An Apple a Day Drives the Witch Right into Your Path…Wait

I kind of got away with that title there, but to be fair, whenever I see apples involved in literature, I immediately think of the tale of Snow White. It’s not even my favorite tale by a mile, but I will admit that some of the retellings I’ve read do bring about the need to bake something with apples inside. Winter, I’m talking about you specifically.

And yes, okay, so most apple covers don’t necessarily mean Snow White. I mean, unless you can give me a really good argument that says Twilight is a metaphor for the story of a crazed queen and her attempts to kill her more beautiful stepdaughter (but wait, wasn’t Kristen Stewart a star on both so maybe there’s the connection…argh, I’m digressing), then yeah, apple covers don’t mean Snow White.

Buuut there’s got to be an appeal to apples, right? Because poor, silly Snow likes apples. Winter happens to love ’em especially when sprinkled and baked in with cinnamon. And honestly, I love baking with apples when I can.

So there you have it. Apples. Are. Awesome.

Now that I’ve completely rambled on about dem apples, onto what I had meant to do, which was post something I had made weeks ago! (Hah, yes to backlog of baking-related posts!)

Apple Bread

Say hello to the most scrumptious bready thing ever! I’ve been saving a ton of apple-related recipes on my Pinterest to get back to later on, and eventually made my way to one I wanted to attempt. So while I procrastinated writing, well, anything (I’m sorry Meg and Tarma and and…yeah…), I baked something I could totally use as an excuse for being unproductive. Only I suppose I was productive, because I made bread.

The recipe was pretty straightforward, and the glaze was standard milk, not cream, because I didn’t really have any cream handy. (And I wouldn’t go so far as to make glaze with cream anyway, not too fond of it being too thickly sweet). I also used three apples instead of two.

And with my sister’s trusty new apple corer, peeling coring, and slicing those apples took mere seconds!

Like the recipe suggested, I split the batter up into two. I lined my bread pan with parchment paper poured half the batter in, half the apple mixture in, and sprinkled that with a cinnamon-sugar mixture. Then rinse, repeat. I waited 45 minutes before checking up on the bread, and let it brown a bit more before pulling it out of the oven.

Verdict: The bready middle was super moist and soft and so yum. It was a good call to split the batter so there’s plenty of apple to go around. There was a suggestion to add walnuts in, but with a brother who’s allergic to practically every nut in existence, I can safely say this recipe can do without.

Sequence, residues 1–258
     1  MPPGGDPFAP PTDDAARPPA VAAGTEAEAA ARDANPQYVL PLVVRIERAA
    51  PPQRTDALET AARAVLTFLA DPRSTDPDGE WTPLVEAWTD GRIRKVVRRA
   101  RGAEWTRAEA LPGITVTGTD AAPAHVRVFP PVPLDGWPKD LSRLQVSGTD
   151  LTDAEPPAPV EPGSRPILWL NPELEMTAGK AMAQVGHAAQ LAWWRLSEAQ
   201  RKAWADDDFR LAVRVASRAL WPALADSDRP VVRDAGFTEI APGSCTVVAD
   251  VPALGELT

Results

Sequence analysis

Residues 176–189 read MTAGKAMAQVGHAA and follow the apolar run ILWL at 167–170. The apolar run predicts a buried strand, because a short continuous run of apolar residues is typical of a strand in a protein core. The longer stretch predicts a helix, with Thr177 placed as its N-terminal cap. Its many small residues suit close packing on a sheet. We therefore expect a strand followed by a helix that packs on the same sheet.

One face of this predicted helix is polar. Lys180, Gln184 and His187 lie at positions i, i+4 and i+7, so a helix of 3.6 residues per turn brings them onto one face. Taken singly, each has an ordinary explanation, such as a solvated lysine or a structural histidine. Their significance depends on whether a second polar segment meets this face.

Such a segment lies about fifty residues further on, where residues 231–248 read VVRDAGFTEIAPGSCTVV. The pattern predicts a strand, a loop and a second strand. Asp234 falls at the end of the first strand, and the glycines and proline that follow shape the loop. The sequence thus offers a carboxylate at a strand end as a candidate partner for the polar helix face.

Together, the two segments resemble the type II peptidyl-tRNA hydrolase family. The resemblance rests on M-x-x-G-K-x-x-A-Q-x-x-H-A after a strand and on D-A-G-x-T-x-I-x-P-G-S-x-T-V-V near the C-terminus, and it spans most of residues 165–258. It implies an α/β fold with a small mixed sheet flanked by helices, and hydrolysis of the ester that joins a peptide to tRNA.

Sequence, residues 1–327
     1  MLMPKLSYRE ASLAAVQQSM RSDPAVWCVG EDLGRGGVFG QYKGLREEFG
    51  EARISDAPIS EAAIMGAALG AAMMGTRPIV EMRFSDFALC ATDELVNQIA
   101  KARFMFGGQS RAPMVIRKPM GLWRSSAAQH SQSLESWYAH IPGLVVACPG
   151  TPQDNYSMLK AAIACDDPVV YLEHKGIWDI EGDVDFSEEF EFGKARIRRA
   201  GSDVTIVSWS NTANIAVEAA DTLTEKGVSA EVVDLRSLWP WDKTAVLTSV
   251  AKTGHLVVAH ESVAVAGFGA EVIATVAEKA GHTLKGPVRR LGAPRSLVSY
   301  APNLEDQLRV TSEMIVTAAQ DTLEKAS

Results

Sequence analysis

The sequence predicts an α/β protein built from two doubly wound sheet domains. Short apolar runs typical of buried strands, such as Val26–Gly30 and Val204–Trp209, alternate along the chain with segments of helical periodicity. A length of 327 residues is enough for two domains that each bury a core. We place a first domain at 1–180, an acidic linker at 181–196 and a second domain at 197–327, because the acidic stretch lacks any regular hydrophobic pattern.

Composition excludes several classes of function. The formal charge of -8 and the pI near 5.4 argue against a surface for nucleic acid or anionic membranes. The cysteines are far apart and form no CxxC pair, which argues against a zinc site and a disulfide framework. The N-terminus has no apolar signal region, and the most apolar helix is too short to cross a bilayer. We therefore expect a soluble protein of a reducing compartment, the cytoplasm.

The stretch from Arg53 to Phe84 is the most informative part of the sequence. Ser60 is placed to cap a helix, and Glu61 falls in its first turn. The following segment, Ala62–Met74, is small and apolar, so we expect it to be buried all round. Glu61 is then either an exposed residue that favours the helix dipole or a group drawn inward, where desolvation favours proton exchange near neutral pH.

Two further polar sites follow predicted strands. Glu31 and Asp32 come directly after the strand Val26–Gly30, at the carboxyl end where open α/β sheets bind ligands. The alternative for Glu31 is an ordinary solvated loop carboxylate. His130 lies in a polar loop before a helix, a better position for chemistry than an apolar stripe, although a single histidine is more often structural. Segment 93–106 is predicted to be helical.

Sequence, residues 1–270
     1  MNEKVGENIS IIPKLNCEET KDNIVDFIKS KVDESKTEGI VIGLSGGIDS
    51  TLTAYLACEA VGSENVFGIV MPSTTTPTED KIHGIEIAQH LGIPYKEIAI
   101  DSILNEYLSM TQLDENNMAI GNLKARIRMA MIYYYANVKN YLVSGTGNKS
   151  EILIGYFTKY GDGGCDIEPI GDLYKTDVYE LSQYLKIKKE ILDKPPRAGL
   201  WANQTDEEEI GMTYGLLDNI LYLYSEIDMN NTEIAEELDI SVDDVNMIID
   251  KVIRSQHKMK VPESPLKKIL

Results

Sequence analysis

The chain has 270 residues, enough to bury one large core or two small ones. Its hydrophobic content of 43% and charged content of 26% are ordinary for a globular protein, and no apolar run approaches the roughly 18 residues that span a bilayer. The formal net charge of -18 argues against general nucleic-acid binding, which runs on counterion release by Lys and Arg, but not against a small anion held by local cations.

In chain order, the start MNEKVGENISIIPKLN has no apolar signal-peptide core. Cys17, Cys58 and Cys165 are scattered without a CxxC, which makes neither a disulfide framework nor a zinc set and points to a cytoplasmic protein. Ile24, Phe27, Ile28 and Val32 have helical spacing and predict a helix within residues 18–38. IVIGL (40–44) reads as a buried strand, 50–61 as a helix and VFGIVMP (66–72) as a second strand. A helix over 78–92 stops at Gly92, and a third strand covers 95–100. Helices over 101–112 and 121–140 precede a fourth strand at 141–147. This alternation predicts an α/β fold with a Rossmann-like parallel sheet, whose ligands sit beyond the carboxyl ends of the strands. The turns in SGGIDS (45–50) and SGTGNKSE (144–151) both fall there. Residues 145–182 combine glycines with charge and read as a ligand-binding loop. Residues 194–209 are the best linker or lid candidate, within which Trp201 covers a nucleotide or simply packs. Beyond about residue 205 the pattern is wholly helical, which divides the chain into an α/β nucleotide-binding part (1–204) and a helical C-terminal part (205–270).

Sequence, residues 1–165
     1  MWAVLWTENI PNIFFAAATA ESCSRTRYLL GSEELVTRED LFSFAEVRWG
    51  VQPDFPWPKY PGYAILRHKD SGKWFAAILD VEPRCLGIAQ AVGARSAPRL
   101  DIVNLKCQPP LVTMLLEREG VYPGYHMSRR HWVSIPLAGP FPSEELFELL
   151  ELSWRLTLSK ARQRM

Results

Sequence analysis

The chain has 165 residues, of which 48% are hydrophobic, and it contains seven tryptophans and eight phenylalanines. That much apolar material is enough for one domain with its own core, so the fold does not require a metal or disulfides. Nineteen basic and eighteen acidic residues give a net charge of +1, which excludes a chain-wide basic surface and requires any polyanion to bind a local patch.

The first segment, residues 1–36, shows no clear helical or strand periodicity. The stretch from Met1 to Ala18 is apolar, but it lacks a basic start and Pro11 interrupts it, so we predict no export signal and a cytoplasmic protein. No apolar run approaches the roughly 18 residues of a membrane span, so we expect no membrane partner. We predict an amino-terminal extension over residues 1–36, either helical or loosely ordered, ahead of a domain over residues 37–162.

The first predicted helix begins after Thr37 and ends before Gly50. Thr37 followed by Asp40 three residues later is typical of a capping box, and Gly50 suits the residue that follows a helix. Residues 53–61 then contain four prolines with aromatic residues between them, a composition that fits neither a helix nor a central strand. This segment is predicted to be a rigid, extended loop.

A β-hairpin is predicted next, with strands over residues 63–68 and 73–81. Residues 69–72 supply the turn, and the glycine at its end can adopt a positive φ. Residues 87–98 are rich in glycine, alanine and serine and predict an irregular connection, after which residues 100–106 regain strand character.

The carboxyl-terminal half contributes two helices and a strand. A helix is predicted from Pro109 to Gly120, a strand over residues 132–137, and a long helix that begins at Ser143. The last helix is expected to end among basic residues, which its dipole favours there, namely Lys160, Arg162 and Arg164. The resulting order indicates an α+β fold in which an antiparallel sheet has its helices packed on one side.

Food and Fandom: Redwall Apples


Total disclaimer: I have actually not read Brian Jacques’ Redwall series. So why do a Food and Fandom post on this series? Well, good question. I have a friend to blame for that. Lately she and I have met to do a bit of baking (and video gaming…), and she’s a big Redwall fan. So I guess in that respect, I couldn’t pass up doing something from a recipe book she owned, especially when it involved apples. Talk about something completely in-season!

redwallcookbookWhat I love about recipe books for fantasy books is that they’re extensions of the world and are in a way immersive of that particular world. To be honest, I feel I’m vicariously living in Westeros every time I do a recipe in A Feast of Ice and Fire (all I really need now are aurochs… *cough*), and I totally felt like I was sitting on the dwarf king’s throne whenever I think about making miniature Scones of Stone from Discworld. While I do not know the world of Redwall (actually, I’m vaguely familiar with it, because it is quite a popular series), I found it particularly adorable that there are recipes and foods that are transferable to our mortal plane.

The recipe in question?

Honeybaked Apples

apples3Baked apple recipes are super simple, and take practically less than a half hour to prep and bake, depending on how much you’re including in it. In this particular case, the cored apples are stuffed with fruits (we used an assortment of raisins, dried cranberries, and dried cherries), doused in honey, and put in a water bath for 20-25 minutes. Sounds delicious and simple, yeah? Because it really is just that simple.

I will say this, though: it might be a good idea to get a corer, especially if you’re planning on coring a ton of apples and doing so regularly. It might be an especially safe route if you’re accident-prone like me and knives are not your friend. I think the only reason why the prepping took a big longer for this recipe was because my friend had to run around looking for a Band-Aid for me (yeah, like I said, I occasionally am accident-prone). Never fear! I was put on stuffing duty once we realized coring apples with a knife was not my forte.


Thankfully, there wasn’t really much else to do once coring was completed besides putting the fruits inside and dousing it with honey. The honey had to be warmed a bit to a liquid consistency and then poured into the apples. In hindsight, perhaps we shouldn’t have cut such a deep hole, because the honey didn’t overflow like the instructions said. Ah well. The honey was a bonus!


Verdict: The flavors were certainly delicious, and having an assortment of dried fruit made it all the better! I did have a little concern with the texture, because for me, the apples were way too soft (like, almost applesauce soft), and I usually prefer my apples a bit less squishy. That said, we probably overbaked it, or put too much water in. That’s something to think about.

The recipe did call for a sprinkling of heavy cream or the recipe book’s Custard Cream, but we figured we didn’t really need that. I will say that these baked apples might have gone great with ice cream. I’m thinking vanilla, butter pecan, or caramel. Nummy.